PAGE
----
Payments on Digital Platforms: Resiliency, Interoperability and Welfare
Jonathan Chiu and
No 21-04, Working Paper from Federal Reserve Bank of Richmond
Digital platforms, such as Alibaba and Amazon, operate an online marketplace to facilitate transactions. This paper studies a platform’s business model choice between accepting cash and issuing tokens, as well as the implications for welfare, resiliency, and interoperability. A cash platform free rides on the existing payment infrastructure and proﬁts from collecting transaction fees. A token platform earns seigniorage, albeit bearing the costs of setting up the system and holding reserves to mitigate the cyber risk. Tokens earn consumers a return, insulating transactions from the liquidity costs of using cash, but also expose them to the remaining cyber risk. The platform issues tokens if the interest rate is high, the platform scope is large, and the cyber risk is small. Unbacked ﬂoating tokens with zero transaction fees or interest-bearing stablecoins can implement the equilibrium business model, which is not necessarily socially optimal because the platform does not internalize its impacts on oﬀ-platform activities. The model explains why Amazon does not issue tokens, but Alipay issues tokens circulatable outside its Alibaba platforms. Regulations such as a minimum reserve requirement can reduce welfare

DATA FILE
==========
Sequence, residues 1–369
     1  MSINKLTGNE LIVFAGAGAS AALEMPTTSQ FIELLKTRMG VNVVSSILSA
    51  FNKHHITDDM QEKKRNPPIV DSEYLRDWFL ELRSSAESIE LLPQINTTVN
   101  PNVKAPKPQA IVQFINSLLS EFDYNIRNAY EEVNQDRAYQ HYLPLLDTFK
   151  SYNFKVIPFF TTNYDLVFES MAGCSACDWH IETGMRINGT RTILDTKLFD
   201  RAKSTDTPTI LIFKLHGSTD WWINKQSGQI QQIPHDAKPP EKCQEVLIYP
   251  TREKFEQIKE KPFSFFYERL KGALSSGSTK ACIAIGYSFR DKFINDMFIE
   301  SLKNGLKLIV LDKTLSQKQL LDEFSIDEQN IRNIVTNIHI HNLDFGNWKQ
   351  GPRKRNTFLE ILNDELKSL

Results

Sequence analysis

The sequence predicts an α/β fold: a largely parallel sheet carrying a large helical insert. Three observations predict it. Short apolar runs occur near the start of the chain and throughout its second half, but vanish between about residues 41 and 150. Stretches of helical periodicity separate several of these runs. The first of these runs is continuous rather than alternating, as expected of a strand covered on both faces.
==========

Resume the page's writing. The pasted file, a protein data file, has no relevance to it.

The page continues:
Keywords: Digital tokens; Payments; Platforms; Money; Regulation (search for similar items in EconPapers)
JEL-codes: E1 E25 G28 (search for similar items in EconPapers)
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